If you attended a school in an English speaking country, you read plenty of Shakespearean Sonnets. I decided to start my study of the Sonnet with the Shakespearean Sonnet since it’s so familiar. However, there are other Sonnet forms, but that’s for another blog post.
First element of a sonnet – Iambic Pentameter. I covered that in a previous blog, but you can probably find better explanations elsewhere.
Second element of a sonnet – Couplets. I wrote a blog about couplets and said they were essential. Here’s a good case for that.
Third element of a Sonnet – rhyme scheme. Writing a Shakespearean Sonnet is simple if you look at the rhyme scheme and think in terms of couplets. You’ll write fourteen lines or seven couplets. The final couplet delivers the punch to your poem, so think about it as its own unit: ABAB, CDCD, EFEF, GG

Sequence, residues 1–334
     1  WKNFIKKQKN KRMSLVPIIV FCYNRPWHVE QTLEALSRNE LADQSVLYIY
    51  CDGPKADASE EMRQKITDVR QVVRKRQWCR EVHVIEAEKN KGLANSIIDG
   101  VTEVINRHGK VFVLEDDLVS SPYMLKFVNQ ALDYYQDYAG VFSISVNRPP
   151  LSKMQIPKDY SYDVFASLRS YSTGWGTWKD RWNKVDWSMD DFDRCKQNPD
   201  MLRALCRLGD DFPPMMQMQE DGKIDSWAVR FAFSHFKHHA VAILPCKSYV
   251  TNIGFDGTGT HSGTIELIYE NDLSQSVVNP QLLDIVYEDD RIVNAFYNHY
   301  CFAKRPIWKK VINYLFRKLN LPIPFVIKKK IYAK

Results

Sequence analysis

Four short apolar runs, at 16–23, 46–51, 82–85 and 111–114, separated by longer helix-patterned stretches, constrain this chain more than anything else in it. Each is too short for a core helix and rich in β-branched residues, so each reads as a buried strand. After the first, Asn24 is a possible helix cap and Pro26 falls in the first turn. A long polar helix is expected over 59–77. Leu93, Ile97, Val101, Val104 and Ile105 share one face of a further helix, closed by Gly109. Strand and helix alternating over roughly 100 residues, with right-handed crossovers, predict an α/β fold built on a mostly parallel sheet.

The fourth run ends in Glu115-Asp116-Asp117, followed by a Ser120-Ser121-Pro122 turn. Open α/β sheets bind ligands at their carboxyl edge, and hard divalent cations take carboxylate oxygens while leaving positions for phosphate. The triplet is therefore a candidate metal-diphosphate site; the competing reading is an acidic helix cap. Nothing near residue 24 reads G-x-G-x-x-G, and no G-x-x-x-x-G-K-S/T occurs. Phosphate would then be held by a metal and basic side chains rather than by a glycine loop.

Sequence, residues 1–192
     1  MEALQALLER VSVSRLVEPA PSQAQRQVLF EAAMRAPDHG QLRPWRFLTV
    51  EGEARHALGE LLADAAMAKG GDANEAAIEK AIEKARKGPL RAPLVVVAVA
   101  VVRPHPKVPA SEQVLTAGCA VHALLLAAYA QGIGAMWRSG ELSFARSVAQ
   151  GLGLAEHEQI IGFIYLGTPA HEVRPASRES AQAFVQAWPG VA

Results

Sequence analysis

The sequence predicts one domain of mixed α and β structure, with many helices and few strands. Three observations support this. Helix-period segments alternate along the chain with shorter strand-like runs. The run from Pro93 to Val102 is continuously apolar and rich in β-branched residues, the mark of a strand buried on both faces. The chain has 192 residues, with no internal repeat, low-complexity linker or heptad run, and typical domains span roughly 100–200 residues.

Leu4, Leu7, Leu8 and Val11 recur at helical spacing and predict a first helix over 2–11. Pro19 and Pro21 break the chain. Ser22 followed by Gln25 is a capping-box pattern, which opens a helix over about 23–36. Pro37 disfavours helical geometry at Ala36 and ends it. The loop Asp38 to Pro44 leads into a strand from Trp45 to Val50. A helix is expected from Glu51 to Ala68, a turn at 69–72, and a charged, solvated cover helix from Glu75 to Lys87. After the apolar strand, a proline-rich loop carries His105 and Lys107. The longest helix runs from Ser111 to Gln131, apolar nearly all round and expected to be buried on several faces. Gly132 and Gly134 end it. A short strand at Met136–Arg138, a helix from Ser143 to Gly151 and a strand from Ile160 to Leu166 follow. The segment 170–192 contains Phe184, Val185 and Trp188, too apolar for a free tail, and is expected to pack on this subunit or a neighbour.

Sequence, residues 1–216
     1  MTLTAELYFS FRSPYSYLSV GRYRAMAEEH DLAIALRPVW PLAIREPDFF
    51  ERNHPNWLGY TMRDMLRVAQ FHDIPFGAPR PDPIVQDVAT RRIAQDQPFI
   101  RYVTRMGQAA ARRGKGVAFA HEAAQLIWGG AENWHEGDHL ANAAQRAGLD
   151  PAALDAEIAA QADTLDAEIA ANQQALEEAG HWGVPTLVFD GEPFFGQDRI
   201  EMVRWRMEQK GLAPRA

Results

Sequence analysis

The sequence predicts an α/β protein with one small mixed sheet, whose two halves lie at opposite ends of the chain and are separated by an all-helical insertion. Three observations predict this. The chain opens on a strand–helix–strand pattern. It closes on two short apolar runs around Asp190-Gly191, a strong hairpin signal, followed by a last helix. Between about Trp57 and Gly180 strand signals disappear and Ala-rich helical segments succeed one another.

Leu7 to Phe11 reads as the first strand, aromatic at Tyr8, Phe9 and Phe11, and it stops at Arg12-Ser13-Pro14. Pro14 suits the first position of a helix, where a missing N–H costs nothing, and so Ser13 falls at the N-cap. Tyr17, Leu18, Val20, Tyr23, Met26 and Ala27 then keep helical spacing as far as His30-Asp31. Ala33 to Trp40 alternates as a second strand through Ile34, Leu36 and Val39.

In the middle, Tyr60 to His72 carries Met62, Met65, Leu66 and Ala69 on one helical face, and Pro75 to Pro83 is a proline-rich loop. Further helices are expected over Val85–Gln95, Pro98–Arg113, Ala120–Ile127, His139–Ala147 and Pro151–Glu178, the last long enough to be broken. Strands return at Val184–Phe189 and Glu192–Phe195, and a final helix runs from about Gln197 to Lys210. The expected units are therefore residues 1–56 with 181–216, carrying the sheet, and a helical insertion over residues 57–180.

Let your anger feed the hate,
and hear the roar of doom prevail.
Scream and froth, and be the bait.
Passions smash and doom the gale.
Yet be the river running deep
That bends and curves ever coursing
In silent depths of grace to creep
Forward moving gently forcing.
Be the beginning and the end.
Let the tides of change replace
In loving grace and heartfelt wend
Breathing life and in that fluid place